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Tommy Heinsohn never gets his due respect

Isn't it time to recognize Tommy Heinsohn as a true Boston treasure? After starring at Holy Cross, Red Auerbach drafted him in 1956 with the Celtics' territorial pick, while also finagling a trade with the St. Louis Hawks to acquire Bill Russell. K. C. Jones and future Celtic, Willie Naulls (drafted by Hawks), were taken in the second round. Red was unmerciful with Heinsohn from the start, constantly berating him in front of the troops and bestowing on him the demeaning task of lugging the ball bag - not only in Tommy's rookie year but also in his sophomore season. The following from my interview with Sam Jones:

(Sam): "I saw a lot of it. I loved it. That means he (Red) kept off my back. That (Heinsohn) was Red's whipping boy. Better Tommy than me."


Tommy had a spectacular rookie season, putting up 16.2 PPG and hauling down 9.9 rebounds in 29.9 minutes per contest. His minutes increased to 37.0 MPG in the post-season, as did his points (22.9 PPG) and boards (11.7 RPG). In Game 7 of the 1957 Finals versus Bob Pettit's St. Louis Hawks, Heinie poured in 37 points and hauled down 23 rebounds in Boston's narrow, double-overtime 125-123 victory. But his output was somewhat overshadowed by Russell's 19 points and 32 rebounds. Tommy came away with the 1957 Rookie-of-the-Year Award, but many, including Russ himself, felt that the prize should have gone to Big Bill (per Wikipedia):

Russell had a more cordial relationship with many of his teammates with the notable exception of Heinsohn, his old rival and fellow rookie. Heinsohn felt that Russell resented him because the former was named the 1957 NBA Rookie of the Year. Many people thought that Russell was more important even though he had only played half the season. Russell also ignored Heinsohn's request for an autograph on behalf of his cousin and openly said to Heinsohn that he deserved half of his $300 Rookie of the Year check.

Heinsohn just could not catch a break. Carrying the ball bag for two consecutive seasons - belittled by Auerbach - and granted the ROY Award with a question mark and possible antagonism attached. But the 8-Time Champion and 2-pack-a-day smoker hung in as a Celtics player for nine seasons, retiring at the relatively-young age of 31.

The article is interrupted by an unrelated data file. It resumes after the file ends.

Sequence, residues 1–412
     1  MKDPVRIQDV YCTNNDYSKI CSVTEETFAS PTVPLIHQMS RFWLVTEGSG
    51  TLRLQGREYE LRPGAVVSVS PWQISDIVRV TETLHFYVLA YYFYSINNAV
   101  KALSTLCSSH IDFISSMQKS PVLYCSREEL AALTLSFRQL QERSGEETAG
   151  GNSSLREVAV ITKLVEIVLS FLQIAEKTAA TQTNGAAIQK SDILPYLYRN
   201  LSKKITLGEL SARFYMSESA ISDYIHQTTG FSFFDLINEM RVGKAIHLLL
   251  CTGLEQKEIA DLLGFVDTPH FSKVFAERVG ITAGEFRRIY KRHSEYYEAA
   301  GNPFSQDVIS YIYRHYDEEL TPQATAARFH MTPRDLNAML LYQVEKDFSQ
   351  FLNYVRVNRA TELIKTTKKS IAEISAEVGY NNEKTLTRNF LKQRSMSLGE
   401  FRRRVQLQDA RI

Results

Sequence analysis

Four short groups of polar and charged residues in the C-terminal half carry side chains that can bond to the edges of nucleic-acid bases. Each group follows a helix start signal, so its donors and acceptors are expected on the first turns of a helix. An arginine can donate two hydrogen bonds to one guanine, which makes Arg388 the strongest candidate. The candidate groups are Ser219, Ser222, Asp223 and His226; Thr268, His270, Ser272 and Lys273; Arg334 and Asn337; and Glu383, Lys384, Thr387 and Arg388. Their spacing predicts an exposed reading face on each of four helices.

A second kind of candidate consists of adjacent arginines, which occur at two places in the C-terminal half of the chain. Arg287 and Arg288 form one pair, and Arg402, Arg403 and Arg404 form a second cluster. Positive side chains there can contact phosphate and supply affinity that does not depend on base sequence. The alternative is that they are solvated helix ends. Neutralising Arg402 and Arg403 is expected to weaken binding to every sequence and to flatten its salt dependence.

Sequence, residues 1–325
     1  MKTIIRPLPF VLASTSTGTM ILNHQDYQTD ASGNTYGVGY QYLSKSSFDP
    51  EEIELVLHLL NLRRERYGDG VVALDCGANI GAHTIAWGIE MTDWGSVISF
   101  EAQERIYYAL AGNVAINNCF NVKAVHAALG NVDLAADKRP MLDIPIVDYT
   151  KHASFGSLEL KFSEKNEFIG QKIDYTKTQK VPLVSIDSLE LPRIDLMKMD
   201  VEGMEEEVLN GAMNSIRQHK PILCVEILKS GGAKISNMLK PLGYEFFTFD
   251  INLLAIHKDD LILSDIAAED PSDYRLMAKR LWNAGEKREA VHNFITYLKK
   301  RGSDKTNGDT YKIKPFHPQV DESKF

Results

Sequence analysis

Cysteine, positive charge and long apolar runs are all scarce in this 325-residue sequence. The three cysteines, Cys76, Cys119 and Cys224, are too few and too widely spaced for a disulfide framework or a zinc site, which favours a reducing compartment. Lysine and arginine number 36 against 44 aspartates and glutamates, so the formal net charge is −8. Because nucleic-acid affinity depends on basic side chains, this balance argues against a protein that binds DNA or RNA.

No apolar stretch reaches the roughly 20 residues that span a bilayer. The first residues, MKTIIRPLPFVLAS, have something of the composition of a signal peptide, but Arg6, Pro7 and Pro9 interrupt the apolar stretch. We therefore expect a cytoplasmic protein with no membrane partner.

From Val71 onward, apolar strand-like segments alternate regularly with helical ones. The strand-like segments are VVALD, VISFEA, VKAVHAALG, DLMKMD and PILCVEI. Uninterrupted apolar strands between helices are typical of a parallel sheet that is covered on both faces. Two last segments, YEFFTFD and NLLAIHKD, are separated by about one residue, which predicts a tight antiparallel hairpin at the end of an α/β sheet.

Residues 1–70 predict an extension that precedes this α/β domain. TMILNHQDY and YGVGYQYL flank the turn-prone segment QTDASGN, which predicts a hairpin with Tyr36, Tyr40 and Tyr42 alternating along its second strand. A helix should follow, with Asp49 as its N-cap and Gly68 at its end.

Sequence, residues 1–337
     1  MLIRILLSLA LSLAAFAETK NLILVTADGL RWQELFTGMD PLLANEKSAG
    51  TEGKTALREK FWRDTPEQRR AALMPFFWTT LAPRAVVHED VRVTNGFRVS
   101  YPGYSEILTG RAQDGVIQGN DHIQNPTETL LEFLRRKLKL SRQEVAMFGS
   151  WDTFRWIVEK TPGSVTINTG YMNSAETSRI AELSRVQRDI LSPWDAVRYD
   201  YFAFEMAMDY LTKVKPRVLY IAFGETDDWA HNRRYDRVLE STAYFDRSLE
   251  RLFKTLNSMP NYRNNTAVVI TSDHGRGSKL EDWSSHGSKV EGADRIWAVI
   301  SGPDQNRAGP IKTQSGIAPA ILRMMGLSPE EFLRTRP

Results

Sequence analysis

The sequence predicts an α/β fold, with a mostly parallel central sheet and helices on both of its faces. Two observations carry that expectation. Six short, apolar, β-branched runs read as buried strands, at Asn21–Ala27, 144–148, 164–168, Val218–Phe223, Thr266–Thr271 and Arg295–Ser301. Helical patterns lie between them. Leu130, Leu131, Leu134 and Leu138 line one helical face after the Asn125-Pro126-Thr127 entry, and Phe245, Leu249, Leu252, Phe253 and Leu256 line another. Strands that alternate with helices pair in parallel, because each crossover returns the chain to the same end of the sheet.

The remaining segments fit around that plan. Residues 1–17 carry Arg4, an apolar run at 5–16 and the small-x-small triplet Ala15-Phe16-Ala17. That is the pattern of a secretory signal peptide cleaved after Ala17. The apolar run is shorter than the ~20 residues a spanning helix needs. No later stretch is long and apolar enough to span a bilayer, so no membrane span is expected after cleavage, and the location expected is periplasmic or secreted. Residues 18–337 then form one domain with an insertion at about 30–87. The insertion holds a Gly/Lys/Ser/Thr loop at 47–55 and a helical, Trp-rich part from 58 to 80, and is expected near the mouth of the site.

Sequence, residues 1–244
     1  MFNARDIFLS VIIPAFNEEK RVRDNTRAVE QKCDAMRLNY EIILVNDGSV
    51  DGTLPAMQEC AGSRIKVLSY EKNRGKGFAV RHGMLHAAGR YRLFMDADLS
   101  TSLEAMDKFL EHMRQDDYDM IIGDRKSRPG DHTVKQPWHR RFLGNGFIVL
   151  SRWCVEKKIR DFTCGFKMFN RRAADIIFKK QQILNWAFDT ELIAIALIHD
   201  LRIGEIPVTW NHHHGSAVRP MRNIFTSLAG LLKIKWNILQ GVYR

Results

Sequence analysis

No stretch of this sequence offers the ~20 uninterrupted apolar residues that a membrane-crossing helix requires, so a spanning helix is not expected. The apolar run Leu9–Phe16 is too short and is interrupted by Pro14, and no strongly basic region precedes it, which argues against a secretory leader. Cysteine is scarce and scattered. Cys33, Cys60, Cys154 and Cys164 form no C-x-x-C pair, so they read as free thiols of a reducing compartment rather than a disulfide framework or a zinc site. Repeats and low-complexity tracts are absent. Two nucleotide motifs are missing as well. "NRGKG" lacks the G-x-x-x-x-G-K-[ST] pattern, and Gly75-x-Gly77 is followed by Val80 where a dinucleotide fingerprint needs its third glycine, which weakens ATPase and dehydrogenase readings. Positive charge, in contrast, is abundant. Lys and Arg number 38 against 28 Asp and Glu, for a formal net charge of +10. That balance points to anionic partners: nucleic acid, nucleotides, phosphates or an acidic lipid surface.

But Heinsohn was not done with Boston or the Celtics. After Russell's retirement as player/coach in 1969, Tommy was chosen to guide the team. The choice was subject to criticism (as always seems the case for Tommy), but Celtics Announcer, Johnny Most, got it right (from Mark C. Bodanza's Sam Jones bio, Ten Times a Champion):

To me, Heinsohn represents the closest total of Auerbach coaching attributes of all the ballplayers that played for him. I think Tommy will turn out to be the junior edition of the Redhead. He will fast break. He will torture them to superhuman rebounding efforts. He will go nose-to-nose with the officials. He will draw many technical fouls. He will be a proud advocate of wide-open, firehouse basketball, with an occasional explosion of Violence.

Red Auerbach ran his guys into the ground in practice and expected that pace to continue in real competition. "Wide-open, firehouse" basketball is what Most called it, and it was exciting to watch. Tommy would run with his teammates during games - that is until the negative effects of his smoking kicked in. Red once called Heinie "the oldest 27-year-old body in professional sports". But the guy could play. When he took over the reins in 1969 as coach, his players continued the fast-break protocol.



Henie racked up two more Titles (1974 & 1976) as Celtics coach, ending up with a 427-263 record over nine seasons. He was also named Coach-of-the-Year in 1973. Tommy was as animated on the bench as any opposing coaches, and usually more so. He used Auerbach's coaching tactics to the advantage of his team, including picking up technical fouls to purposely get tossed from the game.



He went into broadcasting in 1966, but that stint was interrupted by his 9-year tenure as Celtics coach. And as of this writing, he is still at it. But the criticism of Heinsohn continues. "Too much of a homer." "Analysis is too partisan." But as he approaches 86 years of age, I doubt Tommy cares much about what others think and write. His connection with the Boston Celtics spans six decades, and he has proven himself as a survivor. As an announcer, he still figuratively coaches the team, and he offers advice to the young guys that will listen. It is time this man gets his due. He is one of the most important individuals to ever be connected to perhaps the greatest franchise in the history of sports.

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